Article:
In the wondrous Gâteaux, authors Christophe Felder and Camille Lesecq present a fabulous array of treats: large cakes, small cakes, celebration cakes, tarts, and fruit happiness. Oh, and cookies.

Felder is from Alsace, a region of France on the German border that has actually been part of both countries on and off for centuries. This cookie, from a friend Sebastien Leser, is a German treat traditionally made with almonds. Here hazelnuts are employed, but you can experiment with whatever nuts you have or adore.

These are refrigerator cookies. You make dough, roll into logs, refrigerate, slice, bake, and finally eat. And eat you will. The sugar coating is important, so go all in here and do coat away.

This is the ideal breakfast cookie. Match these with espresso and make your day start with a great, great bite.

Sebastian’s Hazelnut-Vanilla Cookies

Yield: about 60 cookies, depending on how you slice


For the shortbread cookies:

  • ⅓ cup sugar
  • 1 vanilla bean
  • 2 sticks butter, room temperature
  • 2 ¼ cups all-purpose flour
  • 1 ½ cups ground hazelnuts
  • 1 teaspoon vanilla extract

For the sugar coating:

  • ¾ cup sugar
  • 2 vanilla beans, slit, seeds scraped
  • ¼ cup vanilla sugar



1. In a food processor, grind the sugar with the vanilla bean. This makes a vanilla sugar with a pronounced flavor.

2. Sift the vanilla sugar into a bowl. Dice the butter and add it to the sugar with the flour, ground hazelnuts, and vanilla extract. Stir with a wooden spoon to make a smooth dough.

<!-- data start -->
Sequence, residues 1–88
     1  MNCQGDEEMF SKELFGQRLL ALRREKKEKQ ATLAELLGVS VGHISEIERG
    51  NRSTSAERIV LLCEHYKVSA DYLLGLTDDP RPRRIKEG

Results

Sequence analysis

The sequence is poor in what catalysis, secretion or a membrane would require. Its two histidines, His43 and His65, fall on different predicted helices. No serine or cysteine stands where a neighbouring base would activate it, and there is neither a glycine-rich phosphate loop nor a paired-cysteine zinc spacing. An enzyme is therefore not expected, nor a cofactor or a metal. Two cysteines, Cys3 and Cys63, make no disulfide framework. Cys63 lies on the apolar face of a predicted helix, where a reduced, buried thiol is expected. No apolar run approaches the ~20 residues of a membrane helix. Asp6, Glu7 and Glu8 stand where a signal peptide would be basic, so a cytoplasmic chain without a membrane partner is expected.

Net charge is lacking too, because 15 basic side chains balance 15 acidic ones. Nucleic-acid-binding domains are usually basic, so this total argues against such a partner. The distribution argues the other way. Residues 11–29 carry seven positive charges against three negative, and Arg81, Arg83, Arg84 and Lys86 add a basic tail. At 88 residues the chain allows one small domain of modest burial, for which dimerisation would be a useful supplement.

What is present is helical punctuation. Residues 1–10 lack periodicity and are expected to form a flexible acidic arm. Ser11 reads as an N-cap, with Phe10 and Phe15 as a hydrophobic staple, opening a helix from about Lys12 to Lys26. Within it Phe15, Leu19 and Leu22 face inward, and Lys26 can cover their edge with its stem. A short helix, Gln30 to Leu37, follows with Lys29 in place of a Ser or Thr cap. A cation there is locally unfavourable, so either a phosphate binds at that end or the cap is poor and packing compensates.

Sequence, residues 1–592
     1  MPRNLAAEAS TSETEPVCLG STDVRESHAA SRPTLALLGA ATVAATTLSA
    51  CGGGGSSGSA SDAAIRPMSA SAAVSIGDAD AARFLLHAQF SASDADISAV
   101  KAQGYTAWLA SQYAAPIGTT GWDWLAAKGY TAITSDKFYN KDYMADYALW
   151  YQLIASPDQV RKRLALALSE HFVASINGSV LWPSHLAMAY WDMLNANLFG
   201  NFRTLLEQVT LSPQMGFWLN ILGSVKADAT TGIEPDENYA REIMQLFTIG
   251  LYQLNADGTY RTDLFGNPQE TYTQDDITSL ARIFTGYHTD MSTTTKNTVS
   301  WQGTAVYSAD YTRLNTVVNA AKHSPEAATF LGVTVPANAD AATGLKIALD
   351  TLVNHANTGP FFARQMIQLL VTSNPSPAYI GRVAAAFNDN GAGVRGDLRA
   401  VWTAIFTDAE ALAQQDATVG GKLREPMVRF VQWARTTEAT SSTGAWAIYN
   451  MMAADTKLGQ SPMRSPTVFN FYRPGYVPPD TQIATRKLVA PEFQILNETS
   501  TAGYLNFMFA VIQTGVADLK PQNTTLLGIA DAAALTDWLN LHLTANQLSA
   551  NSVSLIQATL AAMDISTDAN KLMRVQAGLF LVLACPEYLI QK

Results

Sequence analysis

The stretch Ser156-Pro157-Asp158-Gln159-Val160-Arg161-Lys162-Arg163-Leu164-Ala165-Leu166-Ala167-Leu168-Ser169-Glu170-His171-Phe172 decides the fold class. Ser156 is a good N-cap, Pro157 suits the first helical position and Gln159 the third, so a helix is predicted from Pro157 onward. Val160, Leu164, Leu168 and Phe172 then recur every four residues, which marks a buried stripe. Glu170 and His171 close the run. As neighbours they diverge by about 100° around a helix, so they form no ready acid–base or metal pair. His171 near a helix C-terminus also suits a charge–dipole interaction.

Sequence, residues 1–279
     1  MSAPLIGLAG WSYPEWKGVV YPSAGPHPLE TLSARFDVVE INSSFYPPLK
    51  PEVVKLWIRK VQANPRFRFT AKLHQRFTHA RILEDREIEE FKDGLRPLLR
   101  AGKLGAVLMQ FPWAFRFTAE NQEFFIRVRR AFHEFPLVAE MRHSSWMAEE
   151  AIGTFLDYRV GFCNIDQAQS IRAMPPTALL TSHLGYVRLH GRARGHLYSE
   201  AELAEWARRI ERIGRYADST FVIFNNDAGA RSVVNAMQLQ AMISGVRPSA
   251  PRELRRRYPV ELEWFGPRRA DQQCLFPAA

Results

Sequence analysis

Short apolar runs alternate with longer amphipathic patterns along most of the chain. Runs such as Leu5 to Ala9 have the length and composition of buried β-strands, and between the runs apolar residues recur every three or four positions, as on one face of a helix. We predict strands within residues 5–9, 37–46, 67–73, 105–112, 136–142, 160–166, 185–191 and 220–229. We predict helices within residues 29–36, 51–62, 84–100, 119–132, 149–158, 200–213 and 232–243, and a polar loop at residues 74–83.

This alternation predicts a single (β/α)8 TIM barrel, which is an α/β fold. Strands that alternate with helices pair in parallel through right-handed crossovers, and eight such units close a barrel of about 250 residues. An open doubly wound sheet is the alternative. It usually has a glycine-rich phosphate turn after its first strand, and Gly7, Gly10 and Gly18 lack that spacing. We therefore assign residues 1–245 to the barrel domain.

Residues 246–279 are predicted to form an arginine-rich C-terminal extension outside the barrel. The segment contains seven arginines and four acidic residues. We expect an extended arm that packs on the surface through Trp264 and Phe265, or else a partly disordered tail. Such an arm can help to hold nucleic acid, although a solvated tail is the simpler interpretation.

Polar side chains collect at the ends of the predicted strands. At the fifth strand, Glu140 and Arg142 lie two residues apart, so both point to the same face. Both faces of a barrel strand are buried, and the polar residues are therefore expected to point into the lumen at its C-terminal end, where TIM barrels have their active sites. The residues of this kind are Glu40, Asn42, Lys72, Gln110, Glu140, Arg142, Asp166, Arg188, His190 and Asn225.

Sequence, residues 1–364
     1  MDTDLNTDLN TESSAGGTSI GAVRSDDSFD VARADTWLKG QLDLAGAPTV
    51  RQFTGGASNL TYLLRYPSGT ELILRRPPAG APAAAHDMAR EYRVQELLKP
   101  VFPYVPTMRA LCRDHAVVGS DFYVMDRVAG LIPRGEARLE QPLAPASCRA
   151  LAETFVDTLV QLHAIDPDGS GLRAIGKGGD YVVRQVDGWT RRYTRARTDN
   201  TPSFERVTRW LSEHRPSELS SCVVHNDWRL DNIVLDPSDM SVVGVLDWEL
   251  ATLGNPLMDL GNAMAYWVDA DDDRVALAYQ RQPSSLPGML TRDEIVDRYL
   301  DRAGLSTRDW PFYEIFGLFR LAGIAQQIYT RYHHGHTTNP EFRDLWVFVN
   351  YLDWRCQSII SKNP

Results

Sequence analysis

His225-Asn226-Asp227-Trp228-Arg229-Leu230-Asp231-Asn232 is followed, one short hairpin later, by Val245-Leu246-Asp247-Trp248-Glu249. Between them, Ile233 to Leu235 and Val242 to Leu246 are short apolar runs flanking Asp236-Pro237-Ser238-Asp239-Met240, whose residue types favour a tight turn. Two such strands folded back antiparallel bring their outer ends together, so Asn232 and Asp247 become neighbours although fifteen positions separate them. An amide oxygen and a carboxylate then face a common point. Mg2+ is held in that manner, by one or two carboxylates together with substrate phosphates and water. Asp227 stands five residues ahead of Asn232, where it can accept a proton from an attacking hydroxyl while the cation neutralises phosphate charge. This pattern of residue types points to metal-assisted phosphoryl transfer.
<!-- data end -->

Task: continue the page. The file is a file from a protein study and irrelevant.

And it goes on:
1. Weigh out pieces of the dough each weighing 3 ½ ounces.

2. On a lightly floured work surface, roll the pieces of dough into log shapes 8 inches long. Cover with plastic wrap and chill for 30 minutes.

3. Preheat the oven to 365°F (190°C).

4. Cut the logs of dough into 1 ¼ inch pieces.

5. Place them on a non-stick baking sheet (or baking sheet lined with parchment paper) and bake for about 15 minutes, until firm but still pale.

6. Transfer to a cooling rack and allow to cool completely.


1. Combine the sugar, vanilla seeds, and vanilla sugar.

2. When the cookies are cool, roll them in the vanilla- scented sugar. They should be completely cool to ensure that the sugar coating does not melt.

Source: Gâteaux by Christophe Felder and Camille Lesecq [Rizolli, 2017]

Photo Information: Canon T2i, EFS 60mm Macro Lens, F/4.5 for 1/50th second at ISO‑400